We need a radical rethink about what we actually want our forces to be, and do, Only then can we have a proper equipment review to match equipment with tasks required/needed.

    • 13th spitfire
      Posted August 10, 2010 at 2:26 pm | Permalink

      Douglas Carswell's remarks are indeed poignant but he does not know anything about military procurement which is the problem with what he is saying.

      The price of the Black Hawk is indeed £8m but that does not mean that we are actually going to pay £8m.

      In February the Defense Security Cooperation Agency (DSCA) notified Congress of a possible Foreign Military Sale to the Taipei Economic and Cultural Representative Office in the United States of 60 UH-60M Black Hawk helicopters, technical and other related logistics support.

      The estimated cost is $3.1 billion.

      I shall do the maths for you:

      60 x 8 = £480m – even with exchange rates you are nowhere near the $3.1bn asking price.

      So you see you cannot just assume that because Mr. Carswell says something that automatically makes it true simply because there are so many surrounding costs which simply are not accounted for in the £8m price tag. Such as:

      -Training
      -Storage
      -Spares
      -Depreciation
      -Manpower
      -Additional Weapon systems
      -Uk integration
      .
      .
      .

      etcetera.

      The Lynx for £27 already comes with a lot of the additional parts that the Black Hawk does not. But it might still be cheaper to buy the Black Hawk – I do not know but it sure as hell does not cost $8m for one Black Hawk, that is a complete and utter distortion of the facts.

      • Simon
        Posted August 10, 2010 at 5:30 pm | Permalink

        Thank you for pointing out the hidden costs and getting us closer to the total cost of ownership .

        3.1 billion USD for 60 BlackHawks pans out at 33million GBP each !

        The makers of the Lynx , Agusta Westland , are 50% owned by British engineering concern GKN and surely employ more people in the UK than the makers of the BlackHawk ; Sikorsky .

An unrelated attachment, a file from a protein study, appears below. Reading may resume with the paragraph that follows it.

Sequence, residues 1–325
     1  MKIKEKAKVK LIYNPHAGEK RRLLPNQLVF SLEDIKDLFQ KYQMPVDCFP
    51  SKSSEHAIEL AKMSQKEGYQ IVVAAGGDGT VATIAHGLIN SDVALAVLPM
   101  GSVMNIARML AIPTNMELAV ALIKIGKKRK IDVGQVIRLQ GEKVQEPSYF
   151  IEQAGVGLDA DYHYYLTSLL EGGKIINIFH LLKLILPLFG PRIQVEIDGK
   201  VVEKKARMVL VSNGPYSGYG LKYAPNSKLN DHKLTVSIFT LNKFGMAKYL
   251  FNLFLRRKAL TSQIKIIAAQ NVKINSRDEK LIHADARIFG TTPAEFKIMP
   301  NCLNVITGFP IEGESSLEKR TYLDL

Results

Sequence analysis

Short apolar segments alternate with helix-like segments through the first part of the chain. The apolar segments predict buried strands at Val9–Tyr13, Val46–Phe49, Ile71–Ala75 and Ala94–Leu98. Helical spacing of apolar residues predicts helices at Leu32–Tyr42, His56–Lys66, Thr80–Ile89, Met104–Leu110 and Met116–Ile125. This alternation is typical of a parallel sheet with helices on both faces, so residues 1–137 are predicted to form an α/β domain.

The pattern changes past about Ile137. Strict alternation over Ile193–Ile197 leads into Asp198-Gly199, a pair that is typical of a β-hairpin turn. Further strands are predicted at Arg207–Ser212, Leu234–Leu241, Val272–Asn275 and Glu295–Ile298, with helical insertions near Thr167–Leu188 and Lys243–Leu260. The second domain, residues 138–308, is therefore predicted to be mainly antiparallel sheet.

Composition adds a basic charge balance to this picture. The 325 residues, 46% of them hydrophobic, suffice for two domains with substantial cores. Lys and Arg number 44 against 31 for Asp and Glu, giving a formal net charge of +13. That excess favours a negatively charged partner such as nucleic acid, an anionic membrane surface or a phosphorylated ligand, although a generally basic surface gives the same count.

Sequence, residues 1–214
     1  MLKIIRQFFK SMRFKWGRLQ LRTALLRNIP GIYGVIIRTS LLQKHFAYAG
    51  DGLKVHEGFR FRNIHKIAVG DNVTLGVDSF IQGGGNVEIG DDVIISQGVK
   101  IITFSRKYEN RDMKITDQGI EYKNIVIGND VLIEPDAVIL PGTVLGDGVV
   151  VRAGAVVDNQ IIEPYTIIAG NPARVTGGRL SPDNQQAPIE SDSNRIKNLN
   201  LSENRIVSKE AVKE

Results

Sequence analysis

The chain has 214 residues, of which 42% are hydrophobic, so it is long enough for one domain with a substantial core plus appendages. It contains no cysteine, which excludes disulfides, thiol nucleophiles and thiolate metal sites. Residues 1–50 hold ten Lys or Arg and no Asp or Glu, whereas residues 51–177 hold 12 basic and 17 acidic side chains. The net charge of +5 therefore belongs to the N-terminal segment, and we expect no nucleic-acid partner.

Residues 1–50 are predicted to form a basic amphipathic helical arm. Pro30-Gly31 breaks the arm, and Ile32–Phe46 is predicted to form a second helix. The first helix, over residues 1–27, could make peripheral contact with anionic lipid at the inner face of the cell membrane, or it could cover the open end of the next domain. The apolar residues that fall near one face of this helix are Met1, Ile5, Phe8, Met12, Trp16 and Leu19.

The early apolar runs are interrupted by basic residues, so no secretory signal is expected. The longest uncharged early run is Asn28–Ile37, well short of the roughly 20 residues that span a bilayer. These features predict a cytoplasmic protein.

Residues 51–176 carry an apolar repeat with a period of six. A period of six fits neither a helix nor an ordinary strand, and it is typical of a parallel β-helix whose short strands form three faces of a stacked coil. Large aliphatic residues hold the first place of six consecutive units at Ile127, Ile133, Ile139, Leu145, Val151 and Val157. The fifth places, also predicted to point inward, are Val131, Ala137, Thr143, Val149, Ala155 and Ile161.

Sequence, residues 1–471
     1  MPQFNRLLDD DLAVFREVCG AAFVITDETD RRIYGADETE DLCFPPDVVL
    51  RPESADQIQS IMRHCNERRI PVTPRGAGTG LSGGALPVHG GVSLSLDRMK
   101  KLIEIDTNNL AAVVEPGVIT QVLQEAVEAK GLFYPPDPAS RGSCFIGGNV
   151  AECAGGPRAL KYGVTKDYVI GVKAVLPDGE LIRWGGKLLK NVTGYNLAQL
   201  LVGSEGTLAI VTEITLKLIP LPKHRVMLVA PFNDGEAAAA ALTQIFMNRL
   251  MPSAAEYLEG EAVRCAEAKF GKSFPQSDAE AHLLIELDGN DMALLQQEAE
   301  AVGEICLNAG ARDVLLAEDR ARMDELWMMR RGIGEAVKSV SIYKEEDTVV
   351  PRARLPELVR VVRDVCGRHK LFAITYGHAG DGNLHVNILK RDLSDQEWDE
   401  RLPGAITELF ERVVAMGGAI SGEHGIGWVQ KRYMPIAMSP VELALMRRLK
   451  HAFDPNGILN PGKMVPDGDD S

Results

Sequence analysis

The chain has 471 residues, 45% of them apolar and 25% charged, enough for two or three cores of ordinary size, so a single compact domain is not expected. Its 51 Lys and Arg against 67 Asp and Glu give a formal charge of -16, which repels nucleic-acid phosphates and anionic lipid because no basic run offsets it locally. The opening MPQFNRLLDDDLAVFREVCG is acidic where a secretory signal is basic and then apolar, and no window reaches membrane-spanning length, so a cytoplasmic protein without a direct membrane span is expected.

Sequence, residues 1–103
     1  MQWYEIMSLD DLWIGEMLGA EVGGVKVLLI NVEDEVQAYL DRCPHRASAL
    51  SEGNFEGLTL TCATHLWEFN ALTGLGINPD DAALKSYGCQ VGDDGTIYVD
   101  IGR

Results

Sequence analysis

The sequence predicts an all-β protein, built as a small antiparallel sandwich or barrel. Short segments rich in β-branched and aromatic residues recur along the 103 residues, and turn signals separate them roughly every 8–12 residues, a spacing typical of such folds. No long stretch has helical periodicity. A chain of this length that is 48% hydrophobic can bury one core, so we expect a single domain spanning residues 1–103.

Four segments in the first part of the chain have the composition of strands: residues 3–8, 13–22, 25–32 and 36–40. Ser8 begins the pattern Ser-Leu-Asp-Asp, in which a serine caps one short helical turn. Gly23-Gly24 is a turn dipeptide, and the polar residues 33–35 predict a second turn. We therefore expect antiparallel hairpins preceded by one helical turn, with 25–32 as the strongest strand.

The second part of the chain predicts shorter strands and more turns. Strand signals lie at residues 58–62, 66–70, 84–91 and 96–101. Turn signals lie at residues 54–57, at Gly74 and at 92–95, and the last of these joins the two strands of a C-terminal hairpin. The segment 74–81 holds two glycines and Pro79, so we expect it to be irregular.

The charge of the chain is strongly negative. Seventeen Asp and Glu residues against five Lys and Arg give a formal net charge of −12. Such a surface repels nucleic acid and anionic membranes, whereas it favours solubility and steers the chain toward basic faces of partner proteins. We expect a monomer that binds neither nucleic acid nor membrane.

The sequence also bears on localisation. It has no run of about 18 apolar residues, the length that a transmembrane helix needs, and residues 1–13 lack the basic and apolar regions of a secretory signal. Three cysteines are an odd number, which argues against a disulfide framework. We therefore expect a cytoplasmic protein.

Given the diverse nature of GKN their network of suppliers must run into tens of thousands of jobs in the UK .

        Even if the price of the Lynx was higher , it is probably cheaper in the long run to pay a little bit more now to keep the homegrown option open .

        • Blank Xavier
          Posted August 11, 2010 at 12:22 pm | Permalink

          The only concern I have when purchasing military equipment is whether or not it will perform in combat; win and help save soldiers lives. I do not think of buying poor equipment which will fail and get our forces killed, for the sake of *jobs*.

          If that bloke is out there being shot at and his life is on the line, do you want to say to him – ah yes, it's a crap helicopter, but we wanted to save some jobs.

      • Kevin Peat
        Posted August 10, 2010 at 5:33 pm | Permalink

        Add into your argument the benefits of keeping skills and development within these shores, as well as unemployment costs down.

        That said, the highest priority should be to support our frontline troops as effectively as possible.

        I find it unbelievable that they are being kept in Afghanistan when it is as good as admitted that the war is lost.

  3. Paul Round
    Posted August 10, 2010 at 9:52 am | Permalink

    In general, I support the views expressed by John Redwood, Dan and the Essex Girls.Some opnions aired by previous commentators have been hopelessly partisan, favouring their pet service at the expense of the other two.Most of our expeditionary history from 1815 on has been little short of disastrous for this country and frequently the capability has been misused, particularly in recent years.Procurement history likewise.A combination of political short termism and appalling mismanagement by the MOD have wasted lives and money in abundance.In Defence terms, we need to catch our breath for a term of years.Switch to sensible and pragmatic procurement,scrap grandiose purchases, withdraw from Germany, which is a total white elephant and concentrate on our interests: home defence and maritime protection.

    • Blank Xavier
      Posted August 11, 2010 at 12:04 pm | Permalink

      I take the view the MOD should be disbanded.

      Give the defense budget directly to the Chiefs of Staff. The Americans did that certainly up to and during WW2 (I don't know if they still do).

  4. Nick Drew
    Posted August 10, 2010 at 10:11 am | Permalink

    There is land and opportunity to train with tanks in the UK as well

    up to a point: but even better, to get access to the superior German tank ranges we could periodically practice returning to Germany in force, by way of rehearsing a NATO reinforcement obligation

    we have long exercised in Canada for the type of wide-ranging battlefield training which is difficult in the UK.

  5. Lola
    Posted August 10, 2010 at 11:23 am | Permalink

    The system won't let me post my moderately long comment on defence. I have emailed it to you.

  6. backofanenvelope
    Posted August 10, 2010 at 1:44 pm | Permalink

    You say Mr Redwood:

    "The UK does need to provide the manpower and the military equipment for its maritime and expeditionary roles"

    What expeditionary roles? I believe that after we have extricated ourselves from Afghanistan the electorate would be against any repeats. So after 2015 we can sharply reduce those forces designed for policing bits of the globe.